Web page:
Alumni News Update
Compiled by Rich Grippaldi, Student & Alumni News Editor


Mary E. Glantz (Ph.D., 2002) published her first book, FDR and the Soviet Union: The President’s Battles over Foreign Policy with University Press of Kansas. The book is a revised version of her dissertation, “’Good Neighbors and Sincere Friends’: United States Policy toward the Soviet Union under Franklin D. Roosevelt,” which she wrote under the direction of Dr. Richard H. Immerman. Glantz is a Foreign Service Officer in the U.S. State Department.

Peter S. Kindsvatter (Ph.D., 1998) continues to rack up honors for his first book, American Soldiers: Ground Combat in the World Wars, Korea, and Vietnam (University Press of Kansas, 2003). He received the AHF Distinguished Writing Award, U.S. Army History 1899-2003, from the Army Historical Foundation. American Soldiers has also been added to the U.S. Army Chief of Staff’s Professional Reading List for company-grade officers, warrant officers, and company cadre NCOs and to the U.S. Army Training and Doctrine Command (TRADOC) Senior Leader Reading List. Kindsvatter is the Command Historian at the U.S. Army Ordnance Center and Schools, Aberdeen Proving Ground.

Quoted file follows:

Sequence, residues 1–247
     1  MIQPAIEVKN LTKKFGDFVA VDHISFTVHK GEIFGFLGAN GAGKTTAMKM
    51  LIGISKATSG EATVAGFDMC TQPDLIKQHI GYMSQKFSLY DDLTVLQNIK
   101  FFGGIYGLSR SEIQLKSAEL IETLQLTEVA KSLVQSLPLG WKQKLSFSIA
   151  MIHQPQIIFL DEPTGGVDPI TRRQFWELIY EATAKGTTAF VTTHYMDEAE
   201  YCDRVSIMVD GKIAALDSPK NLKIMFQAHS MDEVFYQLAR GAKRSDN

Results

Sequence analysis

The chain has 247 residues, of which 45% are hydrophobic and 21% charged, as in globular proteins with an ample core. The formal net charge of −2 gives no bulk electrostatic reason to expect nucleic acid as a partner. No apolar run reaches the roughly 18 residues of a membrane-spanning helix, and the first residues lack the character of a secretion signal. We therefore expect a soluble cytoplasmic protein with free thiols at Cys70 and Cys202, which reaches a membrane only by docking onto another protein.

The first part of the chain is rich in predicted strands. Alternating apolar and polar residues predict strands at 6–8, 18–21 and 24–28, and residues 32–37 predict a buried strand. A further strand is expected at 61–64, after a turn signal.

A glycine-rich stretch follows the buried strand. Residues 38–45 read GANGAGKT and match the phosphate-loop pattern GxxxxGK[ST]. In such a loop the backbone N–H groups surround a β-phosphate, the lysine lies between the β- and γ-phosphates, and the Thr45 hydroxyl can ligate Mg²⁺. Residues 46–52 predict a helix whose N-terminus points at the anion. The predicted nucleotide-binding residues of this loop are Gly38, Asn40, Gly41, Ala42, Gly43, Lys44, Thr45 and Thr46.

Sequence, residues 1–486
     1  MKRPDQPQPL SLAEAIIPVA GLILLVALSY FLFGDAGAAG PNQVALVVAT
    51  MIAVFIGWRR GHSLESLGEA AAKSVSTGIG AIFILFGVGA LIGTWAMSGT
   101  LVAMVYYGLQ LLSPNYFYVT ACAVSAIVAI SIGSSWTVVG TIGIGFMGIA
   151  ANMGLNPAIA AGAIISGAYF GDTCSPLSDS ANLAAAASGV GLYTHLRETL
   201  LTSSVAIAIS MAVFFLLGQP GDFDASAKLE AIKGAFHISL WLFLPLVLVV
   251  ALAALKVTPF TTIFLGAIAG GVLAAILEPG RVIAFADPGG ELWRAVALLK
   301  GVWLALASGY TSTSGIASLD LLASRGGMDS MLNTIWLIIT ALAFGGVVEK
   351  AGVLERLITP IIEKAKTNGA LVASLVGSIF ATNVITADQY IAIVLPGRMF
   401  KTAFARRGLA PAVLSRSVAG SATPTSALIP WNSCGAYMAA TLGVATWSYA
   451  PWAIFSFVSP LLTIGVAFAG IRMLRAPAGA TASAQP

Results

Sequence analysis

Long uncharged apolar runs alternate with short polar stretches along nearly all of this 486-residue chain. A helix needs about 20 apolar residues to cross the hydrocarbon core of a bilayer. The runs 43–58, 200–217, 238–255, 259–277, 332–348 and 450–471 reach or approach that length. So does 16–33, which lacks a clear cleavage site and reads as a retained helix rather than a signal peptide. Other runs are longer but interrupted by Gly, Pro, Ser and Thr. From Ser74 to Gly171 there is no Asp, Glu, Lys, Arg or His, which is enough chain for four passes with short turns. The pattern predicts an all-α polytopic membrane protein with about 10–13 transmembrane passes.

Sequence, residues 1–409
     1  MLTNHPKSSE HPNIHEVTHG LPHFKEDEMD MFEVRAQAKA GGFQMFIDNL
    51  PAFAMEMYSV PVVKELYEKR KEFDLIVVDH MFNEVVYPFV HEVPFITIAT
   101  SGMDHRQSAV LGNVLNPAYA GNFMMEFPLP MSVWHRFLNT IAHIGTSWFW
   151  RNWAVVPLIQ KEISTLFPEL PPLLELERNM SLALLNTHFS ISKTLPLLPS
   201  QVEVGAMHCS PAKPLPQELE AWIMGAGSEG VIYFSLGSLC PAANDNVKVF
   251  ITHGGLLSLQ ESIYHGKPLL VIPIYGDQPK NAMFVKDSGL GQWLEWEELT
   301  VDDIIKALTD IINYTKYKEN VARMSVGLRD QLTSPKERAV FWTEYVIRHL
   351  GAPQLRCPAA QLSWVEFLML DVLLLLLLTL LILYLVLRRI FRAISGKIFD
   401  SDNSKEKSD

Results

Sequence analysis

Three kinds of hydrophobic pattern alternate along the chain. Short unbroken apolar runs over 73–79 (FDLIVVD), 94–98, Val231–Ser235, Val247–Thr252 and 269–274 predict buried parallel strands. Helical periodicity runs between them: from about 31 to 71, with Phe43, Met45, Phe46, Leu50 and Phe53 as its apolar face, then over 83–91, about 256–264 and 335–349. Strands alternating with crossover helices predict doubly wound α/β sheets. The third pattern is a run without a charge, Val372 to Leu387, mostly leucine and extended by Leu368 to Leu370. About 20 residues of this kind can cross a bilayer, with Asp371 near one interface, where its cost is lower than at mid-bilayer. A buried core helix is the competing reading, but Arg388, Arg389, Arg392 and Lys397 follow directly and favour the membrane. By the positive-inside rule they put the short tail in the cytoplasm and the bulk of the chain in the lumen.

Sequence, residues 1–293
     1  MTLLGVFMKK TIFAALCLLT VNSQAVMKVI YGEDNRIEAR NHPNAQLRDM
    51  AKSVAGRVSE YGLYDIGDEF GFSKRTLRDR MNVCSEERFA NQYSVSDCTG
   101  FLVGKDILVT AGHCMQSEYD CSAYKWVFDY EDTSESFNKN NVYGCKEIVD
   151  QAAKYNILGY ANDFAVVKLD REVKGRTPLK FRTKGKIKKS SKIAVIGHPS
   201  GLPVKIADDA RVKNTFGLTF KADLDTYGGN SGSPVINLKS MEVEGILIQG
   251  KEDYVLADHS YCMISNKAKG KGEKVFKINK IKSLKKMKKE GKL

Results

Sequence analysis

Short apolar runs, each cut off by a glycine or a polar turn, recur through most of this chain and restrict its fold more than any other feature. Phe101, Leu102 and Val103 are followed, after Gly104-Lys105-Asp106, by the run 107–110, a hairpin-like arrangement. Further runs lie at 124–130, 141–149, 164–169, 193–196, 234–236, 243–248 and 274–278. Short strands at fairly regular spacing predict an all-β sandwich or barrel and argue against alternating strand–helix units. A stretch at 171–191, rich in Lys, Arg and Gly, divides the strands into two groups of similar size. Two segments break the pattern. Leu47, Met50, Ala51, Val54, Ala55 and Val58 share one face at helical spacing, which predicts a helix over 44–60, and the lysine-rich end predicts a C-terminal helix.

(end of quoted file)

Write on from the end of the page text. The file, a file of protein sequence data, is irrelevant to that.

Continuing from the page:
In April, Edward G. Longacre (Ph. D., 1989) received the Douglas Southall Freeman History Award of the Military Order of the Stars and Bars for the best book-length work on Southern history published in 2004. The book is Gentleman and Soldier, a biography of Wade Hampton III (1818-1902), Confederate general, governor of South Carolina, and U. S. senator.

In August, Longacre's most recent book, The Commanders of Chancellorsville, was published by Rutledge Hill Press of Nashville, Tennessee (which also released Gentleman and Soldier). On October 15 Longacre gave a talk on the new book and sign copies of it at the Barnes & Noble store in his home town of Newport News, Virginia. The was taped by C-SPAN2/Book TV and aired in November.

Michael A. Palmer (Ph.D., 1981) published Command at Sea: Naval Command and Control since the Sixteenth Century with Harvard University Press in the spring of 2005.

He has served as chair of the Department of History at East Carolina University since 1999. Command at Sea was his sixth monograph. He wrote his dissertation, “The Quasi-War and the Creation of the American Navy, 1798-1801,” under the direction of the late Russell F. Weigley. Published as Stoddert’s War by the University of South Carolina Press in 1987, the book has been republished by the United States Naval Institute in their “Classics of Naval Literature” series. Palmer is currently at work on his next book: Americanism and the Last Crusade, a wide-ranging discourse on the clash between the West and radical Islamists.

Patrick J. Speelman (Ph.D., 2000) edited the recently published book, War, Society and the Enlightenment: The Works of General Lloyd (Brill, 2005). Collected in this volume are all the known works of General Henry Lloyd, an eighteenth-century “philosophe,” who crafted a modern critical approach to military thinking. Speelman is a Visiting Assistant Professor of History at the College of Charleston and the author of Henry Lloyd and the Military Enlightenment of Eighteenth-Century Europe (Greenwood, 2002).